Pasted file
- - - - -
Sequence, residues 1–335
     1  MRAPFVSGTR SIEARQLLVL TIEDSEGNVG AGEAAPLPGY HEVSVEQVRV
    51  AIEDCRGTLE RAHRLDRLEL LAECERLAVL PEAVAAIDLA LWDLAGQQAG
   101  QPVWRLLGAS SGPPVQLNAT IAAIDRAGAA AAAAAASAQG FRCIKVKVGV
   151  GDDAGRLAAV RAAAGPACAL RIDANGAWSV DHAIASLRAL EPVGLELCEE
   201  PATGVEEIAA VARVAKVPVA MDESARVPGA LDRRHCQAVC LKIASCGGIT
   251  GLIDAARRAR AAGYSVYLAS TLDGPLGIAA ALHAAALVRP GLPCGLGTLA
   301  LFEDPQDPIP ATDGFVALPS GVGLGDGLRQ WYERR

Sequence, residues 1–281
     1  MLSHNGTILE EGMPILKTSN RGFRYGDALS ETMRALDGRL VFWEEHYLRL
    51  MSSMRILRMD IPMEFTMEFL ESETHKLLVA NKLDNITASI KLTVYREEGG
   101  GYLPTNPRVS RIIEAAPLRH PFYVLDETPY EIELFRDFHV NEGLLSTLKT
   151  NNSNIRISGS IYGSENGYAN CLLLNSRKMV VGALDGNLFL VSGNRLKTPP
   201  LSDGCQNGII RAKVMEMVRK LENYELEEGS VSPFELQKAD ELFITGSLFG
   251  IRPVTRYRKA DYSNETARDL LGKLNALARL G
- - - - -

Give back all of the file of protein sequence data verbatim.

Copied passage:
Sequence, residues 1–335
     1  MRAPFVSGTR SIEARQLLVL TIEDSEGNVG AGEAAPLPGY HEVSVEQVRV
    51  AIEDCRGTLE RAHRLDRLEL LAECERLAVL PEAVAAIDLA LWDLAGQQAG
   101  QPVWRLLGAS SGPPVQLNAT IAAIDRAGAA AAAAAASAQG FRCIKVKVGV
   151  GDDAGRLAAV RAAAGPACAL RIDANGAWSV DHAIASLRAL EPVGLELCEE
   201  PATGVEEIAA VARVAKVPVA MDESARVPGA LDRRHCQAVC LKIASCGGIT
   251  GLIDAARRAR AAGYSVYLAS TLDGPLGIAA ALHAAALVRP GLPCGLGTLA
   301  LFEDPQDPIP ATDGFVALPS GVGLGDGLRQ WYERR

Sequence, residues 1–281
     1  MLSHNGTILE EGMPILKTSN RGFRYGDALS ETMRALDGRL VFWEEHYLRL
    51  MSSMRILRMD IPMEFTMEFL ESETHKLLVA NKLDNITASI KLTVYREEGG
   101  GYLPTNPRVS RIIEAAPLRH PFYVLDETPY EIELFRDFHV NEGLLSTLKT
   151  NNSNIRISGS IYGSENGYAN CLLLNSRKMV VGALDGNLFL VSGNRLKTPP
   201  LSDGCQNGII RAKVMEMVRK LENYELEEGS VSPFELQKAD ELFITGSLFG
   251  IRPVTRYRKA DYSNETARDL LGKLNALARL G